One of the features of the internet/social media dominated world is that it gives those with something to say a platform to reach people in a way that did not exist in past crises. It’s not that these views or information didn’t exist in the past but it’s just much easier to find and consume. My personal weapon of choice as a platform of information consumption is Twitter, which provides me with more useful content regarding financial markets that I can possibly consume.
So, what is my Twitter feed telling me today? If I said the overwhelming sentiment is “a tad gloomy” I am sure you get the picture. One thing that is absolutely consensus is that everyone thinks that everyone else thinks there is going to be a V-shaped recovery: an oxymoron if ever there was one. This is the main justification I can see cited as to why equity markets have performed as well as they have. I have always been in the camp that the full information discounted in market prices are a little more than “what everyone knows, everyone knows”. FT Alphaville alluded to this in an article titled “The Zimbabwification of Wall Street” in which they playfully note that maybe the market is discounting something yet unseen, in this case, the future hyperinflationary effects of unbridled money printing. File under “neve a truer word spoken in jest”.
These last couple of weeks have been notable in that we have had many titans of the investment world weighing in on how they see things; they broadly fall into two camps. In the red corner we have the deflationists who think that no amount of government bailouts and money printing can deal with the solvency issues resulting from the pandemic and that equity markets have lost their marbles. They point to collapsing monetary velocity as evidence that money printing has lost its potency. Their number include luminaries such Stan Druckenmiller, Carl Icahn, and David Tepper. Even Warren Buffett sounded as bearish as I have ever heard him at the recent Berkshire Hathaway annual meeting. In the blue corner, we have the inflationists such as Ray Dalio, Paul Tudor Jones and Bill Ackman all of whom are more in the camp that central bank money printing combined with fiscal largesse will allow the world to inflate its way out of its chronic debt problem.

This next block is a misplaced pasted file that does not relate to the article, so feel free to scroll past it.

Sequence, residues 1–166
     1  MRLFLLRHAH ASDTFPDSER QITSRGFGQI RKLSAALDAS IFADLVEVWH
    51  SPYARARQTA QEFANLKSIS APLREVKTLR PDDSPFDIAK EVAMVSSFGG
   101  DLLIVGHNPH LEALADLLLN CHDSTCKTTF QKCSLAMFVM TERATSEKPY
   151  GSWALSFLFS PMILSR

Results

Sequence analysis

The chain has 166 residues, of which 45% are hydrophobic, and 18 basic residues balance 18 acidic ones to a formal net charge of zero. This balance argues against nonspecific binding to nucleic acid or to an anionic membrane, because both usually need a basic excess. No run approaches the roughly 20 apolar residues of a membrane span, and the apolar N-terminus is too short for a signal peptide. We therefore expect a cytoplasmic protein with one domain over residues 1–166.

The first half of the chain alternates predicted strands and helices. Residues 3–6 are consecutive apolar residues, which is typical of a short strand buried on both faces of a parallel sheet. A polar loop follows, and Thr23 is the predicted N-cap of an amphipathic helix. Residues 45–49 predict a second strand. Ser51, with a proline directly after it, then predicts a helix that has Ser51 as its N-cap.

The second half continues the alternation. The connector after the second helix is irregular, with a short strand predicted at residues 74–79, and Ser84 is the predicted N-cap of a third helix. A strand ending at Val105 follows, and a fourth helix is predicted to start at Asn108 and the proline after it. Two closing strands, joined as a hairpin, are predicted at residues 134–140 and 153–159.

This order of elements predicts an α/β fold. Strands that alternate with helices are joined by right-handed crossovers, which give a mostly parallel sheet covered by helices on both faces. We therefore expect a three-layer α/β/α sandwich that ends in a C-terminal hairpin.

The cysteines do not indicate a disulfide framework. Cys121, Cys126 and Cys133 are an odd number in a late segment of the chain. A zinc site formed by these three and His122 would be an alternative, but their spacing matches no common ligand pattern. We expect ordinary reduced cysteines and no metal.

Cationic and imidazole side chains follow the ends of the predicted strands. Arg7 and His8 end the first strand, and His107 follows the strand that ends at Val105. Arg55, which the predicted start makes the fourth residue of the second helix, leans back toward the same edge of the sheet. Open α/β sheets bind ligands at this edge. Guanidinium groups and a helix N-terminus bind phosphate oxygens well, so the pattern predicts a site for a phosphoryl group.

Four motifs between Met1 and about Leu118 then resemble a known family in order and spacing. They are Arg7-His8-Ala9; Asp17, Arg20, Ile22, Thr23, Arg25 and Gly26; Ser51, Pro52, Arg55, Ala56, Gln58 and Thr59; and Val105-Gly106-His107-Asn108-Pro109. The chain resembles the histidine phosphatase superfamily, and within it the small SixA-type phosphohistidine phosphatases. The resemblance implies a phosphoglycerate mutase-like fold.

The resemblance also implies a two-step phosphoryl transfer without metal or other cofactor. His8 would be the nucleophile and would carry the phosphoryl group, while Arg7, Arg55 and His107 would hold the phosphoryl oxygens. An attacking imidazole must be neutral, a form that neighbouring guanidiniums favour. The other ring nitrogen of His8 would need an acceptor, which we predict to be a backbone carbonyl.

The fact that you have so many investment greats with totally different views is of informational value. No one knows. However, if forced to grab a sponge and join a corner I would be with the blues. That is not to say that I don’t think there are some tough rounds coming up. But ultimately, I do believe central bank trillions overwhelm super-investor billions. As Ben Bernanke said in his famous interview on 60 Minutes in 2009, “To lend to banks, we simply use the computer to mark up the size of the account”. Or as Jerome Powell said last week “We won’t run out of money”. If the missing piece of the jigsaw is converting bank reserves into spending power for main street, that is a much easier thing to do than finding a coronavirus vaccine. To be clear, I don’t believe for a second that this is a path to prosperity, but I do believe it will be the default “least worst” choice and that has implications for both nominal asset prices and real asset values.
I also believe that while we have dealt with several volatility events in modern times such as the financial crisis in 2008 and the current coronavirus pandemic, THE volatility event is still ahead of us. This will occur when there is finally a shift in the deflationary regime (defined by falling rates of price increases rather than falling prices) that has been in place since the early 1980’s, to an inflationary regime, engineered out of necessity. Fire fighting deflation is firmly in the modern central banker’s comfort zone for which they are equipped with a tried and tested toolkit. When the world realises that the only weapon they have to curb rising prices is to literally burn down an hyper-leveraged world with rate rises that it cannot bear, their bluff will be called and the results from their choices will be spectacular to behold. Remember that volatility is a double-edged sword. This may seem a million miles from the situation we face today, but things can change and as investors, the things that we can barely make out on the distant horizon are of more consequence to our journey than what we can see with absolute clarity in our rear view mirror.